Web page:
NEWSLETTER OCTOBER 2020
Milk thistle extract investigated as a therapeutic option against SARS-CoV-2
The Spanish Agency for Medicines and Health Products
(AEMPS) has approved clinical trial for milk thistle extract substance in oncohematological patients with coronavirus. The clinical trial is in partnership by Euromed S.A., known for their clinical studies regarding their milk thistle extract over the past few decades on thousands of patients worldwide.
Europe Dietary Supplements Market Share by Type Milk thistle (latin name: Silybum marianum), is an herbaceous plant of which their seed extracts have confirmed benefits for liver health. Being used preventively and curatively to protect the liver from heavy metals, the death cap mushroom and aspirin, alcohol, and acetaminophen. The flavonoid silymarin is the active component of milk thistle seeds (fruits), of which silibinin is the key component. Furthermore, recent investigation suggests that it may have additional benefits beyond liver support. A recent study by the Catalan Institute of Oncology (ICO) and the Girona Biomedical Research Institue (IDIBGI) has been published in the Journal of Clinical Medicine.  In this study, the clinical-molecular evidence of silibinin has been recognized for its antitumor activity, which could also be effective in the fights against the coronavirus SARS-CoV-2 2019.
Echinacea as a supposed remedy against the new coronavirus
The Swiss Medic institute has published an article in which they mention a laboratory study published in the "Virology Journal" on 9.9.2020 of which media reports indicate that a herbal extract of Echinacea purpurea – among other sub-stances – is also capable of killing coronaviruses, resulting in strong demand for preparations containing these extracts. 
However, a corresponding effect in humans has not been demonstrated.
The published study results have been partly misinterpreted. The investigations in the laboratory were
conducted with cell cultures (in vitro), and no investigations to date have shown any effect against the new coronavirus in humans (i.e. in vivo). The conditions prevailing in cell cultures cannot be compared with those in an organism (human body). The data from an in vitro study do not provide proof of the efficacy of an active substance in humans (in vivo). Substances/active substances that show an effect in cell cultures (in vitro) frequently prove to be ineffective in human trials.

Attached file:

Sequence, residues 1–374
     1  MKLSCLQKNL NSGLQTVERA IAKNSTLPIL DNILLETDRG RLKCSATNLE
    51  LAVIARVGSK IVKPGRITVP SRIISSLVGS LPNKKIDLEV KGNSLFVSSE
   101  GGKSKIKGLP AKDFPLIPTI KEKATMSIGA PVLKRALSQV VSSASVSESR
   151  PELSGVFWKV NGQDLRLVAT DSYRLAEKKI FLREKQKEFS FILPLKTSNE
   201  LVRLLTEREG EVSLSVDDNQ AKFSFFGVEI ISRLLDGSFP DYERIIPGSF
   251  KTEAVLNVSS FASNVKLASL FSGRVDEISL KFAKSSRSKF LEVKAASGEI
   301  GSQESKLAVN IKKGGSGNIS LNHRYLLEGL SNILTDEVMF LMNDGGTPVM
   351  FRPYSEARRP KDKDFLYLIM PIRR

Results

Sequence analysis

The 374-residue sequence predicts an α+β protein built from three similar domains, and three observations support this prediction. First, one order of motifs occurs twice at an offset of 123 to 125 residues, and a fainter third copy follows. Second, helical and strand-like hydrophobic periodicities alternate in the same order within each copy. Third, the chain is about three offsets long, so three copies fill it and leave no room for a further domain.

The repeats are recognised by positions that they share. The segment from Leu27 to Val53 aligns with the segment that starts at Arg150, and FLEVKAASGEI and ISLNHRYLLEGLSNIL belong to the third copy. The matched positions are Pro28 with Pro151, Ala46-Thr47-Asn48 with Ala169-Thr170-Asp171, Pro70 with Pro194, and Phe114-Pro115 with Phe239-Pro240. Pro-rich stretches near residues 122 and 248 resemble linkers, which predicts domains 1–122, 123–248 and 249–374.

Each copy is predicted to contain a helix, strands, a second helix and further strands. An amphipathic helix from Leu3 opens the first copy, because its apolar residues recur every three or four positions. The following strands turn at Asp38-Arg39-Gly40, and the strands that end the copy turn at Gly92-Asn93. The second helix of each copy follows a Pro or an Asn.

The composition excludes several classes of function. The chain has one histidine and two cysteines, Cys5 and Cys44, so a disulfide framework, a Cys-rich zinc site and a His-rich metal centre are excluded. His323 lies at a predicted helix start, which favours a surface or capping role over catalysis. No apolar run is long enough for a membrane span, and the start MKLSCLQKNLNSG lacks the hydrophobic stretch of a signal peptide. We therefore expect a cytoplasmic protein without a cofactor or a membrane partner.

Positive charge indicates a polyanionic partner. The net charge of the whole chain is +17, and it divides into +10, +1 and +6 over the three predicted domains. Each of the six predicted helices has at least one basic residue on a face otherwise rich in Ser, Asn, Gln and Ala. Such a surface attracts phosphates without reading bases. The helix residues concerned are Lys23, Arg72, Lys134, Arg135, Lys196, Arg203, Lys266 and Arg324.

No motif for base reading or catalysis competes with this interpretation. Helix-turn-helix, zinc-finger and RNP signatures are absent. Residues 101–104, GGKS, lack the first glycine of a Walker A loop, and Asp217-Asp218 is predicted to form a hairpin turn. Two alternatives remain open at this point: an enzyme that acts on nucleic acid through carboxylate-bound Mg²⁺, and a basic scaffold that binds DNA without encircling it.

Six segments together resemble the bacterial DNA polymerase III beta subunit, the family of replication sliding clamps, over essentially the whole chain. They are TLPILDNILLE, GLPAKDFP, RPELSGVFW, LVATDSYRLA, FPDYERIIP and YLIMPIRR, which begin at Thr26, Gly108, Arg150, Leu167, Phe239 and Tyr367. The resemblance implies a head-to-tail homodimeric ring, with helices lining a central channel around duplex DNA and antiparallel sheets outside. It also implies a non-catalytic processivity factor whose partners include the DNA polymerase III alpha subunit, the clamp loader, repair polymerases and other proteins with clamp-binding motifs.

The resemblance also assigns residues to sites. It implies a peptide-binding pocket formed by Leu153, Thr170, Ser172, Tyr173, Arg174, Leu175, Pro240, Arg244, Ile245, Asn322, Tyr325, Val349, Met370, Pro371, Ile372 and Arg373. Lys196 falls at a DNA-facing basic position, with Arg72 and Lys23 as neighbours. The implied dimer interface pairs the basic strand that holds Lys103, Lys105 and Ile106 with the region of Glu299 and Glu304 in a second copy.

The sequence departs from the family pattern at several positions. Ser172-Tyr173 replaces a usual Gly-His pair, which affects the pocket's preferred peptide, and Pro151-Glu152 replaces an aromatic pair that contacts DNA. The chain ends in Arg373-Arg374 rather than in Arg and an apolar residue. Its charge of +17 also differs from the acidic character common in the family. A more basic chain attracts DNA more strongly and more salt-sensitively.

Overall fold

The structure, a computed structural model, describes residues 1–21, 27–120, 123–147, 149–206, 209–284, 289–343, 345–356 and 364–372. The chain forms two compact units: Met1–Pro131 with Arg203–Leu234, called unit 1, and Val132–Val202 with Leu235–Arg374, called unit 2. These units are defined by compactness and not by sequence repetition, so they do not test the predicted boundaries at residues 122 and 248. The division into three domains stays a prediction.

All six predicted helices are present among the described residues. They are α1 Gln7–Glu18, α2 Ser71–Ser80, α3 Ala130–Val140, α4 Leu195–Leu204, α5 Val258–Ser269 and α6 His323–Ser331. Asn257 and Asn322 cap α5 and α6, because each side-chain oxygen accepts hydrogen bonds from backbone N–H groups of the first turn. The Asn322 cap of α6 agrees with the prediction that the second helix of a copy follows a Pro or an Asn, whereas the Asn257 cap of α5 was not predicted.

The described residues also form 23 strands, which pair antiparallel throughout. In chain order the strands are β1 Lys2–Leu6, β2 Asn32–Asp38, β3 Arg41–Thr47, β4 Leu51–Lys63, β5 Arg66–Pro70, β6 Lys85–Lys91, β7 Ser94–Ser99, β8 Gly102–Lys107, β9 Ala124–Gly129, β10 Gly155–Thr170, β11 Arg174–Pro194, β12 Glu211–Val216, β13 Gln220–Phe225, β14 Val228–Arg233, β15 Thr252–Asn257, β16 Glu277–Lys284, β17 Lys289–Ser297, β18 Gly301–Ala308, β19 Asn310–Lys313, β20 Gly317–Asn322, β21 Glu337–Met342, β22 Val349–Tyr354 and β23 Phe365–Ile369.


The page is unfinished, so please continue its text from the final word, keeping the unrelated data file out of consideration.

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Scientists test artemisia plant against coronavirus
A derivative of the Artemisia annua plant, also known as sweet wormwood, has long been used in the treatment of malaria. Scientists are currently testing the plant’s potential against the novel coronavirus Sars-CoV-2. Researchers at Germany's Max Planck Institute of Colloids and Interfaces in Pots-dam have been working with researchers from Berlin's Free University and other institutions, testing whether Artemisia annua plant extract and its artemisinin derivatives, could eventually be used to fight the novel coronavirus.
Importance of clinical trials
Plant extracts have long been used in different parts of the world to treat infectious diseases. Artemisia has traditionally been used to treat fever, and its derivative artemisinin is now used as the basis of an anti-malaria combination therapy used to successfully treat millions of adults and children each year. The Chinese pharmaceutical chemist and malariologist Tu Youyou discovered artemisinin in 1972 and was the co-recipient for the Nobel Prize for Medicine in 2015 for her discovery. However, with regard to the novel coronavirus, Seeberger warns that people should be vigilant, considering there is growing resistance to Artemisia annua. The World Health Organization "urges extreme caution over reports touting the efficacy of such products.” WHO also warns that there is "no evidence to suggest that COVID-19 can be prevented or treated with products made from Artemisia-based plant material.”